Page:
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American consumers would pay a hefty price if President Donald Trump carries out his latest tariff threat against Mexico — but that’s just one of many issues created by the president’s pledge to impose tariffs of up to 25 percent on one of the country’s largest trading partners.
Trump said via tweet on Thursday he would impose tariffs of 5 percent on all Mexican imports beginning June 10 in response to the flow of migrants over the southern U.S. border. A subsequent White House statement said the tariffs would rise incrementally up to 25 percent by Oct. 1 unless Mexico “substantially stops the illegal inflow of aliens coming through its territory.”
The uncertainty caused financial markets to plummet and threatened to send stocks lower for the sixth week in a row. “This is just the latest worry to put on the fire for investors,” said Ryan Detrick, senior market strategist for LPL Financial. “Can we really fight two trade wars at the same time?”
The prospect of fighting trade wars on multiple fronts spooks investors and executives alike.
“As we are all fighting to develop plans to exit or to reduce our exposure to China, one of our options — Mexico — is now equally in jeopardy,” said Rick Helfenbein, president and CEO of the American Apparel & Footwear Association.
“This could roil U.S. and global financial markets, which could see this as a signal that Trump is leading us in the direction of a global trade war. If that were to happen, the U.S. economy could get hit hard,” said Desmond Lachman, resident fellow at the American Enterprise Institute, a right-leaning think tank.
From a consumer perspective, everything from cars to vegetables would get more expensive. The U.S. imports $53 billion worth of autos from Mexico, and the country also is a major supplier of produce, electronics and apparel, including more than one-third of men’s and boy’s jeans, according to Helfenbein.
“Prices will go up, sales will go down, jobs will be lost,” he said. “This has a devastating effect on our industry.”
“A lot of companies in the U.S., not just retailers, treat North America as a unified market,” said David French, senior vice president of government relations at the National Retail Federation. “It opens a new front in uncertainty for retailers, but really, for the U.S. economy.”
“President Trump's attempt to bully Mexico has horrified U.S. businesses as well as Mexican political leaders,” said Ian Shepherdson, chief economist at Pantheon Macroeconomics. “We expect the market to keep falling until the president blinks.”
Lachlan estimated that a 25 percent tariff on all Mexican imports could add 0.4 percent to inflation. But even more than just the health of the economy is at stake.
“It borders more on the crazy,” Bill Daley, former U.S. Secretary of Commerce under President Bill Clinton, said on CNBC’s Squawk Box on Friday, characterizing Trump’s Mexico tariff threat as “throwing gas on a fire.”
“The really shocking thing about this from a political standpoint is this is an abrupt reversal of everything the administration has been signaling about its top legislative priority,” said Phil Levy, senior fellow on the global economy at the Chicago Council on Global Affairs.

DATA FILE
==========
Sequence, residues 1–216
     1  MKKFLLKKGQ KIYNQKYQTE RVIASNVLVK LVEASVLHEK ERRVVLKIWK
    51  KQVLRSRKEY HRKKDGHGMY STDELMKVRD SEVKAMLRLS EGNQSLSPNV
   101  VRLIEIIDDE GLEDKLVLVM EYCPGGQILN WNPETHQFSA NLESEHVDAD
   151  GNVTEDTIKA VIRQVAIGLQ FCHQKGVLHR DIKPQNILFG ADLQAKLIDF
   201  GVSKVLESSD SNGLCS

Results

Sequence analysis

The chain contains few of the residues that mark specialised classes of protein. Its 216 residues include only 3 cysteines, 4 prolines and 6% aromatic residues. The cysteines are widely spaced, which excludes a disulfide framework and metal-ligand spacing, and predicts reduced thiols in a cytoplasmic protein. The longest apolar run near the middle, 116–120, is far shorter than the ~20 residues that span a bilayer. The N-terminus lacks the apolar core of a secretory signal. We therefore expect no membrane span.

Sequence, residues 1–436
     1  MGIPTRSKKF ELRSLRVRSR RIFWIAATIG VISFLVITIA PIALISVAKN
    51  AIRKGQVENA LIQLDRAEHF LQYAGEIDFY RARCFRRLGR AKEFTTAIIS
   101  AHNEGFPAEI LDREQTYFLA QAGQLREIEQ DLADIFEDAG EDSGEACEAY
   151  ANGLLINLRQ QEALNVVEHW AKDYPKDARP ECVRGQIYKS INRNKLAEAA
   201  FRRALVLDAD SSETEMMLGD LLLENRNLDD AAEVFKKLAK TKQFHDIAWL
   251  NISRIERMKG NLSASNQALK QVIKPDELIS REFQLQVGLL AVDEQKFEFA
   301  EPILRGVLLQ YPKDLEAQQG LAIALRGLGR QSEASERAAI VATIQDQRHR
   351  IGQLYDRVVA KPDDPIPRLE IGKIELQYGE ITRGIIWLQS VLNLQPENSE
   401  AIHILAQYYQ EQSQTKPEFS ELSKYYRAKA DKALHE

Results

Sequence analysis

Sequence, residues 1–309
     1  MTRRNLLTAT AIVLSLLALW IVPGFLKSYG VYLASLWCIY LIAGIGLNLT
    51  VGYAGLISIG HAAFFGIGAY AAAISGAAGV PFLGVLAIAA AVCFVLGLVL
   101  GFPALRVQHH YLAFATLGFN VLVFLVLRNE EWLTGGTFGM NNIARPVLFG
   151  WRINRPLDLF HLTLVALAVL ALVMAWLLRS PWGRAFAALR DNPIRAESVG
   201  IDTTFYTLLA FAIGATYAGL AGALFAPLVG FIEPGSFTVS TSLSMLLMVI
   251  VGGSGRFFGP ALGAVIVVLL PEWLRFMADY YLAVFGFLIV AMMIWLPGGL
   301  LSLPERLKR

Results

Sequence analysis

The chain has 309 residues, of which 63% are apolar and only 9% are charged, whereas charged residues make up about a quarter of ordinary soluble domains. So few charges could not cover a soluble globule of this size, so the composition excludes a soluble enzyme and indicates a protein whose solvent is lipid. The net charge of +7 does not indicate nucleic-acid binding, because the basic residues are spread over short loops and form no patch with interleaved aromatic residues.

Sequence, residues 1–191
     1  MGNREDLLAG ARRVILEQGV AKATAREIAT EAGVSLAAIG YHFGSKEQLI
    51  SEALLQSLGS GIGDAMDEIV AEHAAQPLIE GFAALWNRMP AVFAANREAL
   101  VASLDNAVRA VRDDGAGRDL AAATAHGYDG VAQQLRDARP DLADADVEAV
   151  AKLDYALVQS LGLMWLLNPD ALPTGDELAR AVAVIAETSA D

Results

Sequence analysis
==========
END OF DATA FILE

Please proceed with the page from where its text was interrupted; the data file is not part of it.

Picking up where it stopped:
Levy pointed out that on Thursday, U.S. Trade Representative Robert Lighthizer asked Congress to begin the ratification process for the United States-Mexico-Canada Agreement (USMCA), Trump’s replacement to the North American Free Trade Agreement. The Office of the U.S. Trade Representative has called the trade pact “a mutually beneficial win for North American workers, farmers, ranchers, and businesses” that would create a more level playing field for American exports.
Now, its passage is in jeopardy. Although acting White House Chief of Staff Mick Mulvaney told reporters on Thursday, "The two are absolutely not linked," and said, “These are not tariffs as part of a trade dispute,” experts disagree, saying Trump absolutely risks derailing the pact.
Slapping tariffs on Mexico would almost certainly be deemed illegal under World Trade Organization rules. Trade experts on both the right and the left say this is alarming because it sends a message to all U.S. trading partners that the president has no compunctions about breaking treaties, even ones he orchestrated.
“It’s a clear signal the president does not feel bound by trade agreements,” Levy said.
As the threat of a full-on trade war with China grows, Beijing is more likely to dig in if its trade negotiators believe Trump would extract concessions in order to make a deal, only to turn around and break his word.
“In the eyes of the outside world, this means that the U.S. is now the world's biggest rogue trader,” Shepherdson said. This has far-reaching implications that could leave the U.S. with a tarnished reputation on the global stage well after Trump’s presidency is over, a legacy that could take a long time to overcome.
“This action would further undermine the rule-based international trade system that the U.S. so painfully put together in the post-war period,” Lachman said.
“Does this seem like the extent of the trade problems we’re going to have?” ” Levy said. “This says no, we’re going to pick trade wars anywhere there’s something that annoys the president.”